Age- and Gender-Associated Staphylococcus aureus spa Types Found among Nasal Carriers in a General Population: the Tromsø Staph and Skin Study.
AuthorSangvik, Maria; Olsen, Renate Slind; Olsen, Karina; Simonsen, Gunnar Skov; Furberg, Anne-Sofie; Sollid, johanna u ericson
Staphylococcus aureus nasal carriers risk autoinfection; however, knowledge about the factors that make specific strains successful colonizers is limited. This study was undertaken to identify the most successful S. aureus clones in nasal carriers and compare their distribution among host groups. The population structure of S. aureus isolates from healthy adults was investigated by spa typing 1,981 isolates from persistent and intermittent nasal carriers participating in a health survey. In the baseline screening (1,113 isolates), the most common spa types were t012 (8.4%), t084 (7.6%), and t065 (4.9%). Three large spa clonal complexes (spa CC012, spa CC065, and spa CC084) comprised 62.4% of the isolates. In multivariate models adjusted for age and smoking status, male sex was associated with higher risk for spa type t084 (odds ratio [OR], 1.72; 95% confidence interval [CI], 1.06 to 2.77), and lower risk of spa type t012 (OR, 0.60; 95% CI, 0.39 to 0.92) colonization. The prevalence of spa type t012 decreased significantly with increasing age (P = 0.03), with a prevalence almost twice as high in the youngest group (age 30 to 44 years, prevalence = 11.1%) as in the oldest group (age, 60 to 87 years; prevalence = 5.6%). Among baseline isolates, spa type t084 had a twofold-higher prevalence among intermittent carriers than among persistent carriers (10.6% versus 5.5%; P = 0.04). In summary, the two most prevalent spa types found in this study were significantly associated with age and/or gender. This may provide valuable clues to the multifactorial mechanisms, among them bacterial factors, involved in nasal colonization with S. aureus.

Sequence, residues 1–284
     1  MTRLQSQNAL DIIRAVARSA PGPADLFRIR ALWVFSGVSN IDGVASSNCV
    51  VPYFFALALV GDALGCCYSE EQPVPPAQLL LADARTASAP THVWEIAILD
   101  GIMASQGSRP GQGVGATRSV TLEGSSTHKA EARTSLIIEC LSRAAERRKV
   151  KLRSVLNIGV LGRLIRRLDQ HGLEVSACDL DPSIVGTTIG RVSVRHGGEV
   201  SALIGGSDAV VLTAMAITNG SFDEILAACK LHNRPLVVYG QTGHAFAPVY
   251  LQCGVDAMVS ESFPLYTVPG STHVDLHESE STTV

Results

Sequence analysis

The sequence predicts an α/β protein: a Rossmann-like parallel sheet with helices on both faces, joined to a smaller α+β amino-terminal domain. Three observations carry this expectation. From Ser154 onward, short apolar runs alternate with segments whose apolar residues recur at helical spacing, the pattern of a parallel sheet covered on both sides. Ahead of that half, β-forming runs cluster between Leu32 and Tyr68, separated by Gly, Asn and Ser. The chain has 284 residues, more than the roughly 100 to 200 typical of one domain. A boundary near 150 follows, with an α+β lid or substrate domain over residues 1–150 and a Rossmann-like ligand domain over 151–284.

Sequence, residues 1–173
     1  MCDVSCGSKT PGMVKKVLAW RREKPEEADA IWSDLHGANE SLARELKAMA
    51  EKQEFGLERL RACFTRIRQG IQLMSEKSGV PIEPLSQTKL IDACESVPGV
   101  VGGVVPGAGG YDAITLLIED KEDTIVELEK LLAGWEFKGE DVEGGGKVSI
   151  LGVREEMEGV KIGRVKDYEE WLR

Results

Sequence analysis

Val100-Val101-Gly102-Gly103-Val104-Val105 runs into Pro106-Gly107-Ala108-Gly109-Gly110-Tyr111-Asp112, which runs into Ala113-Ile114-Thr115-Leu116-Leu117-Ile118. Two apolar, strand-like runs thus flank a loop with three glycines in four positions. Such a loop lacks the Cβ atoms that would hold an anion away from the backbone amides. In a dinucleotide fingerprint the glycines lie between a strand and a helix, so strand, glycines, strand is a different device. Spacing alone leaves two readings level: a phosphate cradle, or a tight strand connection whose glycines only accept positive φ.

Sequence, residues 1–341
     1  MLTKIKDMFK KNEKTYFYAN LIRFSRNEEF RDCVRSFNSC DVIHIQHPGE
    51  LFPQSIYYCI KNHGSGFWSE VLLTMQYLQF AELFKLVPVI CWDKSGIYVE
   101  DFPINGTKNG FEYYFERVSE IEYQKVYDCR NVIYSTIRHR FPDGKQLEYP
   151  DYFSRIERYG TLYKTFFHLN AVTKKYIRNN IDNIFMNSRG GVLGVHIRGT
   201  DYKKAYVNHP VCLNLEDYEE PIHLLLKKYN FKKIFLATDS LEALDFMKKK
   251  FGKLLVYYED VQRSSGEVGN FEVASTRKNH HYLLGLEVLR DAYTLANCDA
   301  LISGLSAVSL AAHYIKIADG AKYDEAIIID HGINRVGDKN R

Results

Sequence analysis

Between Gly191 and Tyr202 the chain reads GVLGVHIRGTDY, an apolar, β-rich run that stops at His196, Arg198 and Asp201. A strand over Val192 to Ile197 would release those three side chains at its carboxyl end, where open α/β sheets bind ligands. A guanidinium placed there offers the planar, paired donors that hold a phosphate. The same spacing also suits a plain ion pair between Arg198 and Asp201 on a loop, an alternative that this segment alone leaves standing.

The published version of this paper is part of Maria Sangvik's doctoral thesis, which is available in Munin at http://hdl.handle.net/10037/4738
PublisherAmerican Society for Microbiology
CitationJournal of Clinical Microbiology 49(2011) nr. 12 s. 4213-4218
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